Three senior House Republican leaders wrote to President Obama two weeks ago warning that Moscow will deploy nuclear missiles and bombers armed with long-range air launched cruise missiles into occupied Ukrainian territory.

“Locating nuclear weapons on the sovereign territory of another state without its permission is a devious and cynical action,” states the letter signed by House Armed Services Committee Chairman Howard P. “Buck” McKeon (R., Calif.) and two subcommittee chairmen.

“It further positions Russian nuclear weapons closer to the heart of NATO, and it allows Russia to gain a military benefit from its seizure of Crimea, allowing Russia to profit from its action.”

Russian President Vladimir Putin in recent months “has escalated his use of nuclear threats to a level not seen since the Cold War,” they wrote.

And if one wishes simply to miss the point about Russian actions, Ukraine is part of a broader pattern as well.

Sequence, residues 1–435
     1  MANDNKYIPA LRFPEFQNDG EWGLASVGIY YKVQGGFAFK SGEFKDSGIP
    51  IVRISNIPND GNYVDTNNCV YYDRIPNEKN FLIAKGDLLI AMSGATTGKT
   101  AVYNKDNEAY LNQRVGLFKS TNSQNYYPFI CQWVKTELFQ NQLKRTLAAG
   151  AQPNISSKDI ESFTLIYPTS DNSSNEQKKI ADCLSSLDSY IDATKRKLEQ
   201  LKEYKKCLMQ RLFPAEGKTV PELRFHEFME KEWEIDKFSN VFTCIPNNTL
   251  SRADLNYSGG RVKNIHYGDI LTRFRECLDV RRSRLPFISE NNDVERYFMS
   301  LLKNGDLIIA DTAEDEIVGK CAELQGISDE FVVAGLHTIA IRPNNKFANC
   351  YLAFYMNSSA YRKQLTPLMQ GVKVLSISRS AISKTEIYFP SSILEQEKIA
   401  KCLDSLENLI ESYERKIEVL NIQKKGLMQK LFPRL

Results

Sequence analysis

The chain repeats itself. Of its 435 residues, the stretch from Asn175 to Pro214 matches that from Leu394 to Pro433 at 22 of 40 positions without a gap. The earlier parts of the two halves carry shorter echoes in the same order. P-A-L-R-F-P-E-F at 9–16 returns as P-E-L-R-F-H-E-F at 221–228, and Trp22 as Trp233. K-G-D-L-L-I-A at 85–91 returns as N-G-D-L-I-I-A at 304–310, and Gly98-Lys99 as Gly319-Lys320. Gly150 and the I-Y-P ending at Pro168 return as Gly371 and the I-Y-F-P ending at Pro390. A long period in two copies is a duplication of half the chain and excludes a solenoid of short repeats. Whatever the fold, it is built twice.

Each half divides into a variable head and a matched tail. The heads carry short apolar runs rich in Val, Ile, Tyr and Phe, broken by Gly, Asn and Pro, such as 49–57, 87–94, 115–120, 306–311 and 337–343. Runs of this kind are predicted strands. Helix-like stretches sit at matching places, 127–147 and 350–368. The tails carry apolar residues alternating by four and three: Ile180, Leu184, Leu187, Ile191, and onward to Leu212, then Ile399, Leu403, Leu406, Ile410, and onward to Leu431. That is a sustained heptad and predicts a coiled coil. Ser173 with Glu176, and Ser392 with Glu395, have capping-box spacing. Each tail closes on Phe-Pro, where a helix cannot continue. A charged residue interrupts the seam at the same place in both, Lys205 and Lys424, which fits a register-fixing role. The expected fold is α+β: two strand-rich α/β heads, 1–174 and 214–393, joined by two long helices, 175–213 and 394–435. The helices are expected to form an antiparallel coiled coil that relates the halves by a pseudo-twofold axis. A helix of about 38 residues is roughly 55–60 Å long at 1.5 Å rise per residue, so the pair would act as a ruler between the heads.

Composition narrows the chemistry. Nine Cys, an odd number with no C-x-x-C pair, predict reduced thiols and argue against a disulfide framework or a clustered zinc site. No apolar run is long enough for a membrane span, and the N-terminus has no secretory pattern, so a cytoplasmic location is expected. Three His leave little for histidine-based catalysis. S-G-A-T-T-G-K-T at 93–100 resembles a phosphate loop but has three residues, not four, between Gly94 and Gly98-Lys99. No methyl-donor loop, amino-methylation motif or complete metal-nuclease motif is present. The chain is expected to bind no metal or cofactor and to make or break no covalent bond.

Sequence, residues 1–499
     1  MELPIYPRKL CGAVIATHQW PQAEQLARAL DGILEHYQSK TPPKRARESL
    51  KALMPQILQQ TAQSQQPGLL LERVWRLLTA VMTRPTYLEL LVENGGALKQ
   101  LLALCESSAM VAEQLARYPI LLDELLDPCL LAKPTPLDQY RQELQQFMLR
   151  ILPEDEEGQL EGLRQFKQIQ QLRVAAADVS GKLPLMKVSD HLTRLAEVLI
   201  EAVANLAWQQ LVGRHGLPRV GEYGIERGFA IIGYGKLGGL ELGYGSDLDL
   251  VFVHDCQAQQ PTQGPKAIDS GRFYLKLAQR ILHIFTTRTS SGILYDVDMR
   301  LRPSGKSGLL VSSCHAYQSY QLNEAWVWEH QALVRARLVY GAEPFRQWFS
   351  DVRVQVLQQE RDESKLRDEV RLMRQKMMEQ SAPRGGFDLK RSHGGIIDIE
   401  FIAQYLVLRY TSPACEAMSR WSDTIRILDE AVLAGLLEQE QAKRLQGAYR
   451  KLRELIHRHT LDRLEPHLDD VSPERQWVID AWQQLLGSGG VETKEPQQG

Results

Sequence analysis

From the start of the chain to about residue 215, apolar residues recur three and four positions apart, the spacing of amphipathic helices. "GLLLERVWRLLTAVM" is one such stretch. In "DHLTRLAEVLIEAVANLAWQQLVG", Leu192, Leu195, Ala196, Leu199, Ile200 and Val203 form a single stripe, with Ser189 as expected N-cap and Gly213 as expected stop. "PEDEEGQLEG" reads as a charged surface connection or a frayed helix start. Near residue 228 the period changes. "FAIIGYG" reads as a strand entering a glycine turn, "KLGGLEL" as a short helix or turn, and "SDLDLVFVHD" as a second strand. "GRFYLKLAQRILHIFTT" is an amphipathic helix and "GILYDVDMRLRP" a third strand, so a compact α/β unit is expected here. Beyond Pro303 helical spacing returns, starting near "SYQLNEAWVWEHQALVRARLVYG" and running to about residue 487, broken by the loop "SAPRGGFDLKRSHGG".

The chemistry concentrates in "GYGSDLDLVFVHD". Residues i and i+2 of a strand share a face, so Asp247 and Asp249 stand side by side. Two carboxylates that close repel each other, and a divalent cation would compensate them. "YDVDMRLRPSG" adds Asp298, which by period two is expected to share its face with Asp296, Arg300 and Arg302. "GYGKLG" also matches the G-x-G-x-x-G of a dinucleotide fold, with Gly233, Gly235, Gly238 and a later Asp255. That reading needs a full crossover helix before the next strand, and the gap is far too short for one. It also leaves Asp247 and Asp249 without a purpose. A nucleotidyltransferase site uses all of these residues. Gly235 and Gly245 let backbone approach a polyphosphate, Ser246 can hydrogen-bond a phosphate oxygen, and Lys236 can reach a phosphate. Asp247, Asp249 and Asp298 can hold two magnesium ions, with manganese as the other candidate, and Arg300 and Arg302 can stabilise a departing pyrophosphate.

As the Hudson Institute has noted:

Over the past few weeks, President Vladimir Putin—already seeking to modernize his nuclear forces in violation of the 1987 Intermediate Nuclear Forces Reduction Treaty—has moved Russia into an increasingly visible and aggressive nuclear posture.

In late August, Putin implicitly threatened to use nuclear weapons against non-nuclear nations including Ukraine and the Baltic States. Moreover, while Russian strategic bombers repeatedly violate U.S. and Canadian air defense space, Putin is in the midst of establishing a naval base on the New Siberian Islands.

The second nuclear age is playing out in Ukraine, Korea, and in Iran.

The Russians are playing a leading role in reshaping the rules of the game.

It is time to pay attention.